This concludes my review of 2012. It’s been a good year, filled with love, change, constancy and, most definitely, many blessings.


© Copyright 2012


Yearning for respect & equality, “no matter what color you are” August 26, 2012

I HAVE PHOTOGRAPHED them from a distance, their long skirts swaying as they walk across Central Park toward me.

Now the young women are standing before me and I am confused for a moment until Nasteho Farah tells me she wants to look her best and asks me to photograph them again.

Friends, Nimo Abdi, a sophomore at Faribault High School, left, and Nasteho Farah, a senior.

I agree as I already envision the portrait possibilities—the expressive brown eyes, the warm skin tone, the way Nimo Abdi leans toward her friend, her hijab brushing Nasteho’s cheek. They are beautiful young women and I take only one shot, knowing I’ve captured a memorable portrait.

I love this image of  a fest performer and her single audience member for the message it portrays– the one on one connection that helps us understand one another, no matter our culture or skin color.

These Faribault High School students are among those participating in the International Festival Faribault on Saturday, an event designed to connect cultures through music, arts and crafts, kids’ activities, international cuisine, education and, on a personal level, conversation.

That same little boy who was so intently focused on the musician performing in the band shell.

After I photograph the friends, we talk about their experiences living in Faribault. And what Nasteho shares with me so upsets me that I apologize to her for the utter disrespect shown to her and her friend, who stands silently listening.

The native of Kenya, a Faribault resident for five years and prior to that a resident of Rochester, Owatonna and Waseca, says she is criticized for the scarf she wears, for her culture, for her…

“They assume I’m a terrorist.”

Her words temporarily stun me and I can feel my jaw drop.

She doesn’t define “they” specifically, but says the insults, the prejudice, happens randomly—in school, in the streets, even at work.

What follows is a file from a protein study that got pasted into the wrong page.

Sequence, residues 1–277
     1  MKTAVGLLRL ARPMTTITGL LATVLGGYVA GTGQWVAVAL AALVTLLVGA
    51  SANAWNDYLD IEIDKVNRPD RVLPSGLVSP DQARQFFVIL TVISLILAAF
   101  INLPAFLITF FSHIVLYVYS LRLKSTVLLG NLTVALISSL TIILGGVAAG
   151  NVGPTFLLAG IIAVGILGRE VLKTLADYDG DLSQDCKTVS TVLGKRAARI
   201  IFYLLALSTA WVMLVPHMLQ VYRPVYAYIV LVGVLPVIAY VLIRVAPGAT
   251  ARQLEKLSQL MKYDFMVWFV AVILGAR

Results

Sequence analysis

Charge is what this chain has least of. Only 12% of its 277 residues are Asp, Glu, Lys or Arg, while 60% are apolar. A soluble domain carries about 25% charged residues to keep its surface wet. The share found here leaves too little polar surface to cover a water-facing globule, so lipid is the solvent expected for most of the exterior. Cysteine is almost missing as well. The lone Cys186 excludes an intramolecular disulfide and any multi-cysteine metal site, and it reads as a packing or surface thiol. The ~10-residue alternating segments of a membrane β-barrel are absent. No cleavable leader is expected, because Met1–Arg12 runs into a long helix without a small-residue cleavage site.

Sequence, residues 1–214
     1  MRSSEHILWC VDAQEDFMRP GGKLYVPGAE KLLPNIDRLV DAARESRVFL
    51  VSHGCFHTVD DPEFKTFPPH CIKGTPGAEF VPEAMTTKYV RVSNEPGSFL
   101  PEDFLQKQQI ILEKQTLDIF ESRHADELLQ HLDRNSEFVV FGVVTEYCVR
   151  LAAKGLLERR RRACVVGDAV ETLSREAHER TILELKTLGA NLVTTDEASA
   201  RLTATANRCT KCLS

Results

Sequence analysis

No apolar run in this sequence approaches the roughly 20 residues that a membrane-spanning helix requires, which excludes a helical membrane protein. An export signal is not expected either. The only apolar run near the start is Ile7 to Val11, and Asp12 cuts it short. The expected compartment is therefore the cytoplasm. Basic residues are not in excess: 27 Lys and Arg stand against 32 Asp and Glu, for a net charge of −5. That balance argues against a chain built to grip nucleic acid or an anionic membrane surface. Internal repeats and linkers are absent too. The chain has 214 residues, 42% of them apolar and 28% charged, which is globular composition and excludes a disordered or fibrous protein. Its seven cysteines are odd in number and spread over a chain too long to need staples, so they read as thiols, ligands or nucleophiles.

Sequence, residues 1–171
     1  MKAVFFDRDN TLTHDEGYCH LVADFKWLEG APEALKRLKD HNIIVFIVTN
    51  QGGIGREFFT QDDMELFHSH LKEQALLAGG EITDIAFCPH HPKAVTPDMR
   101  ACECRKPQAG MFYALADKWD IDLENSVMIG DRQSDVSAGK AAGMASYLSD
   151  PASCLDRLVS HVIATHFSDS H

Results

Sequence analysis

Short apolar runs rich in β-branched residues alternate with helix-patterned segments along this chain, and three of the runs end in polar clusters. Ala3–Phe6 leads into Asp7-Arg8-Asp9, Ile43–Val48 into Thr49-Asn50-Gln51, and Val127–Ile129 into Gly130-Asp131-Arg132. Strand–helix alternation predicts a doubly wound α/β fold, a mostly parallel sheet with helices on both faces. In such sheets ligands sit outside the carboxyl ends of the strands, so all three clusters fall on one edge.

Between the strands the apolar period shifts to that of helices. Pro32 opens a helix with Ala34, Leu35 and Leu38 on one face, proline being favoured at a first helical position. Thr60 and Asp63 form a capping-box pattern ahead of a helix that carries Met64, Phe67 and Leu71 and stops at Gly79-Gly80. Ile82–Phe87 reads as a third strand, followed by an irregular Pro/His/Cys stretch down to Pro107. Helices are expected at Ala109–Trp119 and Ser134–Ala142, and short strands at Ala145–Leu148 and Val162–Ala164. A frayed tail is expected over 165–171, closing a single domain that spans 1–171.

A group of young Somali dancers perform on the band shell stage during the festival.

When I ask for examples, Nasteho mentions the middle-aged man who comes through the drive-through at McDonalds in Faribault where she works. He tells her she should stop wearing her head scarf. She’s talked to her manager about it and he’s been supportive. For now, she mostly tries to ignore the customer’s spiteful comments.

When she walks into other businesses, like the grocery store, she feels the stares. When driving, she’s been flipped off.

“There is no respect for Somalis,” Nasteho assesses.

Yet, she doesn’t seem visibly angry, choosing instead to speak up or to take the position that those who choose to attack her or her culture do not know her or understand her.

I admire Nasteho’s positive attitude. She tells me she didn’t experience prejudice living in Rochester—a larger and more diverse community—but that it’s been much harder in a smaller town like Faribault. She was too young to remember what life was like in Owatonna or Waseca.

Faribault High School seniors Shukri Aden, left, and Khadra Muhumed.

Faribault High School students Shukri Aden and Khadra Muhumed, who are volunteering with STOPS, Students Together Offering Peer Support, at the International Festival, have also been subjected to hurtful comments from those who tell them to go back to their own country or that they smell.

“I try to talk to them,” says Shukri, who has lived in Faribault for seven years, since she came to the U.S. at age 12.

She wants everyone “to be equal no matter what color you are…to get to know each other.”

Lul Abdi shows off beautiful wood crafts from Kenya and Somalia for sale at the fest.

And this FHS senior has dreams—of going to college to become a nurse and then returning to Somali to help those in need.

On this Saturday, at this International Festival, the words of these young Somali women evoke mixed emotions within me. I am saddened by those in my community who fail to see beyond the scarves, the culture, the skin color, the language.

Mother and daughter check out the artwork from Kenya and Somalia.

These women are not terrorists. They are someone’s daughters. They are high school students. They live here, work here, shop here, worship here.

Despite the clear prejudice which angers me, I feel hope. These young women possess a maturity and poise beyond their teenage years. They yearn for understanding, for respect, for the personal connections that define them as individuals.

And on this Saturday afternoon they are trying, through their volunteerism at the International Festival Faribault, to, as Nasteho says, “bring everybody together.”

A mother’s love and care, the same in any language, any culture, any skin color.

CHECK BACK FOR A FUTURE post with photos from the seventh annual International Festival Faribault. Thank you to the organizers and participants in this festival who are trying to connect cultures, to make Faribault a better place to live, no matter your culture, skin color or country of origin.

© Copyright 2012 Audrey Kletscher Helbling